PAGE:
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Coal power: Australia ‘missing’ from global list

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Almost 200 countries and organizations have agreed to phase out the world’s single most significant contributor to a huge issue. But Australia isn’t there. Nearly 200 governments and organizations have decided to phase out the world’s most important contributor to climate change – coal power. One hundred ninety countries signed on to a Global Gola to Clean Power Transition Statement, a pledge to phase out coal power over the next 20 years, at the COP26 climate summit in Glasgow. While the move is a significant step, some of the world’s biggest coal users, including India, China, and the US – were notably missing from the list.

Australia is also a highly coal-dependent country missing. Those who joined included Canada, Poland, Egypt, Vietnam, and Chile and committed to phasing out coal for electricity generation. In 2020, 54 percent of Australia’s electricity came from coal. “Coal is dirtier than you think,” explained independent climate think tank Ember’s methane analyst, Anatoli Smirnov. The Grattan Institute warned that for Australia to reach its net-zero by 2050 goal, some Australian exports, “such as coal and liquefied natural gas, will need to be replaced”.

“Getting to net zero by 2050 will be hard, but there is more to be gained than lost as Australia’s economy transforms,” says the report’s lead author, Grattan Institute Energy,y, and Climate Change Policy Director Tony Wood. “If we start now and play smart, we can use our vast resources of minerals and renewable energy to more than replace the export revenues and jobs we currently get from fossil fuels.” The Morrison government is transparent in its position that it doesn’t need to cut coal to reach net zero, but the summit’s British hosts see it as crucial to put the world on track to limit global warming.


“The end of coal is in sight. The world is moving in the right direction, standing ready to seal coal’s fate and embrace the environmental and economic benefits of building a future powered by clean energy,” British business and energy secretary Kwasi Kwarteng said. When probed in Rome on Scott Morrison’s conversations with UK PM Boris Johnson, Mr. Morrison said: “Those matters have been worked through, through the shapes and the communique. There’s quite a large group of nations that are, hold similar concerns about this”.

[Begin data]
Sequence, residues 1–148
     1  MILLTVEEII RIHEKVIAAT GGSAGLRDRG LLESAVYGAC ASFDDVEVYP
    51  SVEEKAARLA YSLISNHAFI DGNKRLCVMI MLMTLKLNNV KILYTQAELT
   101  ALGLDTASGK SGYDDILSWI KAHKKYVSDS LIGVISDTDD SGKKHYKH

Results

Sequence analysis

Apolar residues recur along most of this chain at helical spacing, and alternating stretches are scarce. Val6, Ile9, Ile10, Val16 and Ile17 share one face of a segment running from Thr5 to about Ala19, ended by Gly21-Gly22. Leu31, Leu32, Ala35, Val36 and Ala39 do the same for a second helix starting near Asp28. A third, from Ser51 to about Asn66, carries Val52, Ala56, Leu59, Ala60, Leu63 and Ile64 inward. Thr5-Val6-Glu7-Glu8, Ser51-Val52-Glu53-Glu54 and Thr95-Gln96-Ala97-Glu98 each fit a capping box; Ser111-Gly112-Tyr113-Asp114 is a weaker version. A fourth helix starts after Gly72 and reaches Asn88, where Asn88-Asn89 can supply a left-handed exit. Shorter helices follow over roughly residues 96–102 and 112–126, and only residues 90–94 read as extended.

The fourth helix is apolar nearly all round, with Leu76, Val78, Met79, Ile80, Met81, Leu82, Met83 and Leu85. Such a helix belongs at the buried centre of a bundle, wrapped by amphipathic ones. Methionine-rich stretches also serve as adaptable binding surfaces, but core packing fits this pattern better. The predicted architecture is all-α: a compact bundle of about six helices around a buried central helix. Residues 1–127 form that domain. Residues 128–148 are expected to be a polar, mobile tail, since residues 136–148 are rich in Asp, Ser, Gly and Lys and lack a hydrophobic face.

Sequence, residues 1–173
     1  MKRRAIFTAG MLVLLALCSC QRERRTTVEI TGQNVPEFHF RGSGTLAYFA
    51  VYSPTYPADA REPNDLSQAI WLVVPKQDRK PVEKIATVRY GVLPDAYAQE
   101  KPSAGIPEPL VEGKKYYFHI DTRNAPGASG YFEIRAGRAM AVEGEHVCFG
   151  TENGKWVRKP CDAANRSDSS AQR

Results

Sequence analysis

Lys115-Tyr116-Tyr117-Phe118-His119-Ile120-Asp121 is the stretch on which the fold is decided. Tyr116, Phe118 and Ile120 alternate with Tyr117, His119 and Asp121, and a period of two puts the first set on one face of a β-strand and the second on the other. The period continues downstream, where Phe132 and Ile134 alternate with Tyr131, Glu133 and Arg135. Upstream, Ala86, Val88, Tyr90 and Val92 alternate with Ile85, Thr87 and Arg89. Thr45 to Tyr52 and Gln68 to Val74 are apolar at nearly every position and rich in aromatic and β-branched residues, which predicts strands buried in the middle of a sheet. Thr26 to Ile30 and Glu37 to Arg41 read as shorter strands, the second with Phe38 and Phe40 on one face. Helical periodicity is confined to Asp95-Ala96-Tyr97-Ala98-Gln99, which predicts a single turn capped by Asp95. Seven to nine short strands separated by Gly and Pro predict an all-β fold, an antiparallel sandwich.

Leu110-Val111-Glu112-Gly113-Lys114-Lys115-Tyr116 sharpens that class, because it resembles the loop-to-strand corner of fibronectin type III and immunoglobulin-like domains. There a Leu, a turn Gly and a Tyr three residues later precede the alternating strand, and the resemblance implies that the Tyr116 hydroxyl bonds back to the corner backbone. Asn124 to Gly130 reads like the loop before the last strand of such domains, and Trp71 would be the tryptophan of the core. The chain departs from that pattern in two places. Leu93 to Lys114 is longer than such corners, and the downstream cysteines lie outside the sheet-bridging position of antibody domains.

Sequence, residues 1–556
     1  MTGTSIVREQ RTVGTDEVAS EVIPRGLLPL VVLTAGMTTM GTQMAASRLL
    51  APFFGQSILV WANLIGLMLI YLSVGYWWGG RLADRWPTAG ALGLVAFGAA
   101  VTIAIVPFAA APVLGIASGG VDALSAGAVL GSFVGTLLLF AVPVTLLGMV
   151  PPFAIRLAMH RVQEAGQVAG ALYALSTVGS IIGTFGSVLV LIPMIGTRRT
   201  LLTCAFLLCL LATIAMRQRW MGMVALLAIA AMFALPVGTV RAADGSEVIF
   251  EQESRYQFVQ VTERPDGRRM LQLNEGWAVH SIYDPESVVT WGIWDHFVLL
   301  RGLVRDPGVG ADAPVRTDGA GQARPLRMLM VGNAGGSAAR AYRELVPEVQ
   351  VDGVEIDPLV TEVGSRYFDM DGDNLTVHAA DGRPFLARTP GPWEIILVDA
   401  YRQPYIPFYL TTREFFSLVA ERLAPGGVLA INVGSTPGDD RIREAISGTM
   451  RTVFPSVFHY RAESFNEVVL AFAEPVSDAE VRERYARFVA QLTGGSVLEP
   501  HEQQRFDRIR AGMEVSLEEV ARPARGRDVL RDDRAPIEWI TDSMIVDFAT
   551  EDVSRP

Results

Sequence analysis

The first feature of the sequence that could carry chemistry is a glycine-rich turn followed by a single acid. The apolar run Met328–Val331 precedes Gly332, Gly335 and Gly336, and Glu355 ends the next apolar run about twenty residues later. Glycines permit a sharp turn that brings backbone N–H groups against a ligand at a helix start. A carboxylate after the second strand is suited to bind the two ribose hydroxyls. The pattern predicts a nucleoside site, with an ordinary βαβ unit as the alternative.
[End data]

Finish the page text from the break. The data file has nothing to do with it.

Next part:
He was again questioned in Rome and reiterated Australia’s stance: “Our policy is apparent. We are not engaged in those sorts of mandates and bans. That’s not the Australian Government’s policy and won’t be the Australian Government’s policy. “All countries are approaching this task from different places, and their economies are other. And as a global community, we’ve got to understand that. “Developing countries have different challenges to those in Europe. Indeed, Australia’s economy in the shape and form of our economy is very different tfrom many of those, So we’ll all get on this path. That’s what we’re doing. “But we’ve always got to make our path, and the Australian way is our path, and that’s what I’m here to talk about and be faithful to.”

The Australian Climate Council congratulated countries like Poland – which ranks ninth for coal consumption – but said Australia is “nowhere in sight”. “This is coal’s curtain call,” Climate Councillor Professor Will Steffen said in a statement. “It is a significant global commitment, and the world’s second-largest exporter of thermal coal, Australia, is nowhere in sight. “First, we refused to join more than 100 other countries in the global methane pledge. “Australia is so out of step and out of touch with the rest of the world, and that’s going to harm our economy, climate, and future prosperity.” Under Australia’s net-zero by 2050 plan, more than $20 billion will be invested in low emissions technologies, including carbon capture and storage. The plan also revealed Australia would reduce its emissions by up to 35 percent by 2030, upon the 28 percent projection. But, the modeling which has shaped the Government’s plan will not be released until a “later time”.

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As a blogger, I’ve had the opportunity to share my experiences and insights with other people. The most important thing I’ve learned about blogging is that it’s not about me. It’s about connecting with others. I love the idea of using writing to build relationships. I’m always thinking about what I can do to make my blog more useful, interesting, and accessible to others. I enjoy talking about technology, health, finance, food, and travel.
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